• Medical/dental/vision
  • Life insurance/dependent life insurance
  • Accidental death and dismemberment
  • Disability
  • Health care spending account/dependent care spending account
  • Employee assistance program
  • Prescription drugs
  • Savings plan or 401(k)
  • Pension or cash balance plan
  • Severance pay

Less common:

  • Legal services
  • Vacation buying
  • Adoption assistance
  • Long-term care
  • Financial planning
  • Profit sharing
  • Employee stock ownership plan
  • Stock options
  • Target achievement bonus programs
  • Variable compensation

You may also need to explain new concepts. For example:

  • Why the merged company will put a cap on how much it pays for rising benefit costs.
  • How current funds in the savings plan will be exchanged for new funds during a temporary blackout period.
  • Why employees will own “units” of company stock in the savings plan instead of shares.

There will also be specific audiences to address, including:

  • Employees opting for early retirement
    Their benefits may now be different if they retire after a certain date.
  • Newly hired employees
    After a certain date, some of their benefits may differ from those of other employees.
  • Spouses
    They may be the real decision makers within many families. E-mail may not reach them; letters or newsletters mailed to the home have the greatest chance of being read.
  • Retirees
    Reach them through newsletters, letters, meetings in major locations and your call center.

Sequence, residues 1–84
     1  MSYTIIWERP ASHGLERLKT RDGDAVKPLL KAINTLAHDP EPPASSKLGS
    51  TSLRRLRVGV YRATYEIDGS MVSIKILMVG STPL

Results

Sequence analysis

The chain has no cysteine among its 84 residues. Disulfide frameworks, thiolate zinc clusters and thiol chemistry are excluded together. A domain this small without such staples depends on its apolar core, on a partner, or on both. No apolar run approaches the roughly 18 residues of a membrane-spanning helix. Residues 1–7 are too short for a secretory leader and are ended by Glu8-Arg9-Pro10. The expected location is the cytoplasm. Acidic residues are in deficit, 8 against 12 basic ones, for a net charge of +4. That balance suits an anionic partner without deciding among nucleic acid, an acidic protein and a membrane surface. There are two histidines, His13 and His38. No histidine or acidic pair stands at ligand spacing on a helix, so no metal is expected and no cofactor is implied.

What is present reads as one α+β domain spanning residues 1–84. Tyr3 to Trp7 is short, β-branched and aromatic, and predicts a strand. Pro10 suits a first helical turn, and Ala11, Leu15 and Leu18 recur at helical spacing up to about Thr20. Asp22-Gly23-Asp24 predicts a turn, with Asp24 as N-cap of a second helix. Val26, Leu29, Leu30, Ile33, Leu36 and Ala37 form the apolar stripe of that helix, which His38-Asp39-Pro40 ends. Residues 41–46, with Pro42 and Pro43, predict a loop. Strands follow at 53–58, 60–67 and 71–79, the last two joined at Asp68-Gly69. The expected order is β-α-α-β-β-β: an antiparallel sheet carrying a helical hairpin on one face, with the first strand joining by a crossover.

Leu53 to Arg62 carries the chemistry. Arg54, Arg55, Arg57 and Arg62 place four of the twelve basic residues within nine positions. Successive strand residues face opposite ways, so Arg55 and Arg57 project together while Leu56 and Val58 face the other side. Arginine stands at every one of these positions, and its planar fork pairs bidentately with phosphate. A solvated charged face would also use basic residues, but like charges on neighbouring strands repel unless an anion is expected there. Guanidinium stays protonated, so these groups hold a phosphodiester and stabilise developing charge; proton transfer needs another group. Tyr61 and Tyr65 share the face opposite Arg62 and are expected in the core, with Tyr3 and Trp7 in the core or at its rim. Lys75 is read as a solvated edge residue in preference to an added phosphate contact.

• Survivors of employees and retirees
    Letters can inform them about medical, life insurance and pension benefits, as well as their accounts in the company savings plan.

How will you communicate?
The merger process could take up to a year, so plan on a series of ongoing communications. Depending on company culture and regulatory requirements, you may use one or more of the following:

  • Letters, newsletters (printed or online), brochures
  • E-mails, web sites, podcasts
  • Meetings
  • Material modification notices
  • Updated summary plan descriptions
  • Special half-day or full-day seminars
  • Company and vendor call centers
  • Personalized benefits and compensation statements

How do you keep track of all these variables?
Use several planning tables or one master table. Within the columns, date and log each meeting’s discussion about items such as:

  • What is being proposed.
  • What is “grandfathered” (a protected benefit for current employees).
  • Who has the responsibility to get more information about an issue.

When firm decisions have been made about a benefit, use colors or bold face type to highlight that decision. And don’t forget about yourself. You should send out your résumé when you first hear of the merger. If you are later asked to stay with the merged company, consider:

  • Is the communication staff being enlarged or reduced?
  • Are they professional communicators? Do they have knowledge of benefits?
  • Do you need to adapt your communication style to that of the other company?

Once you have these answers, they’ll help you decide if you want to stay or go when other job offers come your way.